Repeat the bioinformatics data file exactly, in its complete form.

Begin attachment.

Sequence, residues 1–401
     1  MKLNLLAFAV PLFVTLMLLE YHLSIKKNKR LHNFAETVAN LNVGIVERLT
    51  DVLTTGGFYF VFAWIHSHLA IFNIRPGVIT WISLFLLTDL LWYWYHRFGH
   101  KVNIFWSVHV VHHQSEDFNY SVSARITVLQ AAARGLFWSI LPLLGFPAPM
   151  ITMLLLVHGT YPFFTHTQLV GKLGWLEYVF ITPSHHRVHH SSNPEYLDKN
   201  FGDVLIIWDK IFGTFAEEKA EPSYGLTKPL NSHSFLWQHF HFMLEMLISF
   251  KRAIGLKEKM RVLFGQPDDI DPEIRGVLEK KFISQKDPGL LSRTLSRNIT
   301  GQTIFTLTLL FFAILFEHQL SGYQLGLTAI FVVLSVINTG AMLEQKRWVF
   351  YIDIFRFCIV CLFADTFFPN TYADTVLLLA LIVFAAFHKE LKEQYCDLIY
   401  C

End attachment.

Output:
Sequence, residues 1–401
     1  MKLNLLAFAV PLFVTLMLLE YHLSIKKNKR LHNFAETVAN LNVGIVERLT
    51  DVLTTGGFYF VFAWIHSHLA IFNIRPGVIT WISLFLLTDL LWYWYHRFGH
   101  KVNIFWSVHV VHHQSEDFNY SVSARITVLQ AAARGLFWSI LPLLGFPAPM
   151  ITMLLLVHGT YPFFTHTQLV GKLGWLEYVF ITPSHHRVHH SSNPEYLDKN
   201  FGDVLIIWDK IFGTFAEEKA EPSYGLTKPL NSHSFLWQHF HFMLEMLISF
   251  KRAIGLKEKM RVLFGQPDDI DPEIRGVLEK KFISQKDPGL LSRTLSRNIT
   301  GQTIFTLTLL FFAILFEHQL SGYQLGLTAI FVVLSVINTG AMLEQKRWVF
   351  YIDIFRFCIV CLFADTFFPN TYADTVLLLA LIVFAAFHKE LKEQYCDLIY
   401  C